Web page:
By Kirsten Blakemore Edwards (@KirstenBeMe), MA CPCC, Consultant at Partners In Leadership

Did you know that men do a whopping 75% of the talking during the average business meeting? Preliminary results from Partners In Leadership research confirm this finding: Women above men still struggle to find their voice in the room.

Of course, this isn't simply because men have more to say. Confidence plays a big part. Of the people we surveyed, women who were afraid to speak up during meetings said they thought they a) didn't have good ideas, b) didn't want to appear too loud or aggressive, c) didn't think on their feet, or d) were afraid of being wrong.

When a woman speaks up in the workplace, she walks a thin tightrope: asserting her views without coming across as too loud or aggressive. As a result, many women opt to stay silent rather than risk saying something wrong.

So how can professional women assert themselves, overcoming this fear and project confidence in the workplace?

1. Do Your Homework

One of the biggest hurdles that keeps women from speaking up during meetings is a fear of being wrong. Women tend to delay pitching a new idea until they feel they can produce a perfect outcome. Ultimately, it's the entire company that misses out when women are left out of the conversation -- that's why it's important for women to feel they can contribute to a meeting without the fear of being immediately shot down.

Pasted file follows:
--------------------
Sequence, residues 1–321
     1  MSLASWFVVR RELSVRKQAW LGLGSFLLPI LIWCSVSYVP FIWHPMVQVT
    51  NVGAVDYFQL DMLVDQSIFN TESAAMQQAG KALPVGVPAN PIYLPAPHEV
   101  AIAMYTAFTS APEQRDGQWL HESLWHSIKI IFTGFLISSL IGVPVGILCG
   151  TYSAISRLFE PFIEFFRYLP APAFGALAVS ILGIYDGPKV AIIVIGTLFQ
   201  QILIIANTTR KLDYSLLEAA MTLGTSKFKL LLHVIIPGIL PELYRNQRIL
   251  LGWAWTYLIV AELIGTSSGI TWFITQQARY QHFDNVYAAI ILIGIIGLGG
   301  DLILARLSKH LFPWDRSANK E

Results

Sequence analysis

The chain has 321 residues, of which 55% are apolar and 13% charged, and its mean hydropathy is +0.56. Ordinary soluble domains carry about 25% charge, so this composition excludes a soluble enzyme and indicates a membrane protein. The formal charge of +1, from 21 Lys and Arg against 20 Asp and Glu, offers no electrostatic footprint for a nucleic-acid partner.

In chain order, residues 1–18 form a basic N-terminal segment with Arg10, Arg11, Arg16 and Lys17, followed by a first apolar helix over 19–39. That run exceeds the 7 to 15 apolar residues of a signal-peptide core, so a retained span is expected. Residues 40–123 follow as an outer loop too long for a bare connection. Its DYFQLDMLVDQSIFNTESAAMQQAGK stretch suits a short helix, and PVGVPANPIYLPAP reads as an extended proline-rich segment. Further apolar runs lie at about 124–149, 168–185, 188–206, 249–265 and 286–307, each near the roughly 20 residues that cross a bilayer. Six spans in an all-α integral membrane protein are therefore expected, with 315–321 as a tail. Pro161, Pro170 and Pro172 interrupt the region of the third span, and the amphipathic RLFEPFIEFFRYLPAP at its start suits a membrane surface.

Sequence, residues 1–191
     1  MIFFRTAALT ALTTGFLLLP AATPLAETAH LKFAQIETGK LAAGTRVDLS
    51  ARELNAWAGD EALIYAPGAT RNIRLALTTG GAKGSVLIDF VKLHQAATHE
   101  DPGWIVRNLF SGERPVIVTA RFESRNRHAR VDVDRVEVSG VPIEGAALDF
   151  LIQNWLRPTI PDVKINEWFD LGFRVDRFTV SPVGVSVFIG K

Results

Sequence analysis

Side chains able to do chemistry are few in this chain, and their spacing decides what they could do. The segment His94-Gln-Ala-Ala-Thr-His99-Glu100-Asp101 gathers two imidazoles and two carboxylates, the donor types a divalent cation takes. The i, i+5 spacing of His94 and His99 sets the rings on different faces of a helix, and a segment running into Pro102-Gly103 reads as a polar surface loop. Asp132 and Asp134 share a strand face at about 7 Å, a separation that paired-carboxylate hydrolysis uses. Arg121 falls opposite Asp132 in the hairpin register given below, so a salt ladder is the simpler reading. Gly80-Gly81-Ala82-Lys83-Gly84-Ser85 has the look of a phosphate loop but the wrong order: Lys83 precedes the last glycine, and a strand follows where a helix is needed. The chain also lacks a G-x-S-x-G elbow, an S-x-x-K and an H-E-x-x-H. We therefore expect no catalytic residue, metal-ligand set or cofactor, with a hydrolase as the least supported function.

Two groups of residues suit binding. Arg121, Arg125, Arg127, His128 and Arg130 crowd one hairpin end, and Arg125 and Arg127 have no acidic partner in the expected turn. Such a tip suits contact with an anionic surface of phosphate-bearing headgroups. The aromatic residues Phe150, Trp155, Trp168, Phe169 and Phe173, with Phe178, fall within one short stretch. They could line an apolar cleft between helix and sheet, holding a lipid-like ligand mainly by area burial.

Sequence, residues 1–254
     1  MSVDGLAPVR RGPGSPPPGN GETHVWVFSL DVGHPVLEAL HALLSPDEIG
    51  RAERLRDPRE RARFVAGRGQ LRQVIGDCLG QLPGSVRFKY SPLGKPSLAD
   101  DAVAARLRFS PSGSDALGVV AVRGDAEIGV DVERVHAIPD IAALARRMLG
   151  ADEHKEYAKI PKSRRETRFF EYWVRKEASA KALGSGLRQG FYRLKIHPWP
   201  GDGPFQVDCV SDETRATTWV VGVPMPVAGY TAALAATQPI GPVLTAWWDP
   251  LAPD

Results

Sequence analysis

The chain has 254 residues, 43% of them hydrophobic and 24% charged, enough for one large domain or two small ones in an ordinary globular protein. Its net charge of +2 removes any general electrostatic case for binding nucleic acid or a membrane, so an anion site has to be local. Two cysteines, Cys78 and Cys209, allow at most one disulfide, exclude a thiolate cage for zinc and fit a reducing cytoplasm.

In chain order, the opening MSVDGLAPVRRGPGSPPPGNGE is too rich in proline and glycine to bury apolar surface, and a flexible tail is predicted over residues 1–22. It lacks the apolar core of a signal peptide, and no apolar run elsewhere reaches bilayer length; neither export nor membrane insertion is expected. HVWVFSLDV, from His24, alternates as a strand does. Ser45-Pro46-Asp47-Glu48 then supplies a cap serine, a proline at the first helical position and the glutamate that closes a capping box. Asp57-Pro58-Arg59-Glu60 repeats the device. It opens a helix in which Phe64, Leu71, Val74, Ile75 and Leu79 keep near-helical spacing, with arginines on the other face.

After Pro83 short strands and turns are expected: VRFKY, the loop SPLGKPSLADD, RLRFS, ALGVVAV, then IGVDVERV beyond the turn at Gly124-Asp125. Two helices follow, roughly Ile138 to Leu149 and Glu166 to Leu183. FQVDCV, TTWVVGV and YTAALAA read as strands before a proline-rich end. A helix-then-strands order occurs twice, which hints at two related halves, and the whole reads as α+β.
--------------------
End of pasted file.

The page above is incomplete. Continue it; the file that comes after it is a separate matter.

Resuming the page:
To overcome this fear of speaking out confidently when you don't have all the answers, walk into the boardroom prepared. Find a co-worker or mentor whom you trust to go over your talking points with beforehand; a little feedback and validation that you're on the right track goes a long way in boosting confidence.

2. Ease into the Conversation

If you get pulled into a meeting without the time to do any prep work, take the temperature of the room by asking questions or responding to what others have said before contributing more fully to the conversation. Coworkers' perceptions can easily lift or deter your momentum, so take your time and wait until you have something substantive to contribute rather than speaking for the sake of speaking.

3. Solicit Feedback after the Presentation

In addition to seeking feedback or advice beforehand, you should also conduct a debrief on every important meeting. Reach out to colleagues to gain a new perspective on ways to improve for the next time you walk into the boardroom. It's essential to create a feedback loop in which you're always taking suggestions and incorporating them into your preparation for the next meeting.

Finding Your Voice

You can establish your voice by taking the time to practice speaking up during smaller, lower stakes meetings or during casual debriefing sessions with colleagues. In the short run, sometimes you just have to "fake it until you make it." Put yourself out there, because the only way to make your voice heard is to actually speak up.

At the end of the day, it's important to remind yourself that not everything you say has to be perfect. Above all, take the approach that makes you feel most confident, and you'll be on your way to securing a stronger voice at the table.